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Officer Who Died A Year After The Boston Marathon Shootout Is Honored

This article is more than 3 years old.

The name of a police patrolman who was wounded by shrapnel during a confrontation with the Boston Marathon bombers and suffered a fatal brain aneurysm a year later has been added to a memorial for Massachusetts police officers.

Officer Dennis Simmonds (Boston Police)
Officer Dennis Simmonds (Boston Police)

Officer Dennis Simmonds suffered a head injury when brothers Dzhokhar and Tamerlan Tsarnaev detonated an explosive device during a shootout in Watertown days after the 2013 marathon bombing.

In April 2014, Simmonds collapsed and died while working out at the Boston Police Academy gym. He was 28. A state medical panel says the aneurysm likely was related to the earlier injury.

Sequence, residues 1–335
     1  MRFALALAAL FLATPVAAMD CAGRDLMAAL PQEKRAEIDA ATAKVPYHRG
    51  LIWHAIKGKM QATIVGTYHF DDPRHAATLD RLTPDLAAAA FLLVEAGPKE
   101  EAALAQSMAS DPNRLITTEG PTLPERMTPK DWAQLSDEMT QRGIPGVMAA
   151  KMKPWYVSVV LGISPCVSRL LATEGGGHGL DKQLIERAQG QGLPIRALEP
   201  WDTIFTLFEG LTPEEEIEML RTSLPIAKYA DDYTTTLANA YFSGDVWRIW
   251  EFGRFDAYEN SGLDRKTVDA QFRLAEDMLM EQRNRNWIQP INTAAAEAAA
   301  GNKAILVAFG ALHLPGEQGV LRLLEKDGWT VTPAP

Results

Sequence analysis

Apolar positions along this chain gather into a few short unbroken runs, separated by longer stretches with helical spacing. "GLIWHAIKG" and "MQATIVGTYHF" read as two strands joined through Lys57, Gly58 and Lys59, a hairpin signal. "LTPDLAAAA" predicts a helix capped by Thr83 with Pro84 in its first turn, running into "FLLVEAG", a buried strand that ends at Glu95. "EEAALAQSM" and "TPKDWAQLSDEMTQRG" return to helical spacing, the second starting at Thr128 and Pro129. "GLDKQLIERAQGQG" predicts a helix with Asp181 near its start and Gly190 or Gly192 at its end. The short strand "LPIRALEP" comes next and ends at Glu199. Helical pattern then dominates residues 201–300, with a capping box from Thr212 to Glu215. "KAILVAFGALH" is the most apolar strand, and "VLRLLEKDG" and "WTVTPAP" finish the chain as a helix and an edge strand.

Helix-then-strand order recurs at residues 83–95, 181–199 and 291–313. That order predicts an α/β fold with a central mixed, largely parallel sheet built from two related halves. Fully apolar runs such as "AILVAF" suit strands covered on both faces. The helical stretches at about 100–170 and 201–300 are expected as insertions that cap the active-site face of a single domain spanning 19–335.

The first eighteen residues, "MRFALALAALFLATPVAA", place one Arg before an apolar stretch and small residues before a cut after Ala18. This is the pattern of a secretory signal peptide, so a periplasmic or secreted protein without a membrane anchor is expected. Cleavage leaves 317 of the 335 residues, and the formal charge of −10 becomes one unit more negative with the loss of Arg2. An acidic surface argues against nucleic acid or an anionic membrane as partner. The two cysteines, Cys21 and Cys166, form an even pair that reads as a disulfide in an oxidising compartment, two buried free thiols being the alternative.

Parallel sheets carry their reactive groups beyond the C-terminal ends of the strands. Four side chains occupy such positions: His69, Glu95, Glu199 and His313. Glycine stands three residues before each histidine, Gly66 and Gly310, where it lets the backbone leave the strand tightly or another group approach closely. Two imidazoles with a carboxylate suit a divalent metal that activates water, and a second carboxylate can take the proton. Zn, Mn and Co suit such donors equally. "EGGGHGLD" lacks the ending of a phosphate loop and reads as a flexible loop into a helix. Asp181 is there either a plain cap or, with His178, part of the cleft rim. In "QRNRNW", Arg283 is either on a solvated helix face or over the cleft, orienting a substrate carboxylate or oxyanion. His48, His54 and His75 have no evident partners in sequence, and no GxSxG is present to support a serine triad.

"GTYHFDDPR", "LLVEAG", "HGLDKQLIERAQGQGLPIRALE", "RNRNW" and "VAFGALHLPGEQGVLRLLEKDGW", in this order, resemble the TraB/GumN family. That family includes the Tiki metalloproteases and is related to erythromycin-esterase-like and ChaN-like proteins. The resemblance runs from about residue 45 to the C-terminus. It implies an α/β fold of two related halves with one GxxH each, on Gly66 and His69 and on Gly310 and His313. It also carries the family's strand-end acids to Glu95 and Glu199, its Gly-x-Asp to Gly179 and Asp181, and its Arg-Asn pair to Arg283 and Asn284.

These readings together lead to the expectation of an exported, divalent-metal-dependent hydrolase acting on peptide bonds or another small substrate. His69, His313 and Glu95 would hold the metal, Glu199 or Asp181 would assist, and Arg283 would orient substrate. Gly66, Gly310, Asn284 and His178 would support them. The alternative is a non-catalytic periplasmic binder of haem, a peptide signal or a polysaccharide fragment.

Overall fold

Simmonds was among those honored Friday at a Massachusetts Law Enforcement Memorial ceremony.

Friday's ceremony honored all 357 law enforcement officials from Massachusetts who have died in the line of duty.

Nine, including Simmonds and Plymouth patrolman Gregory Maloney, were added to the list on Friday.

Boston Police Det. Cecil Jones said those honored will never be forgotten.

"We will honor these men and women who have given their lives in the service of their communities all across the Massachusetts," Jones said. "They have taken an oath to protect and to serve, and each one of them bravely did so."

Seven others added to the memorial served in the late 1800s through 1955, and are just now being recognized following a search of old records.

With reporting by The Associated Press and WBUR's Steve Brown

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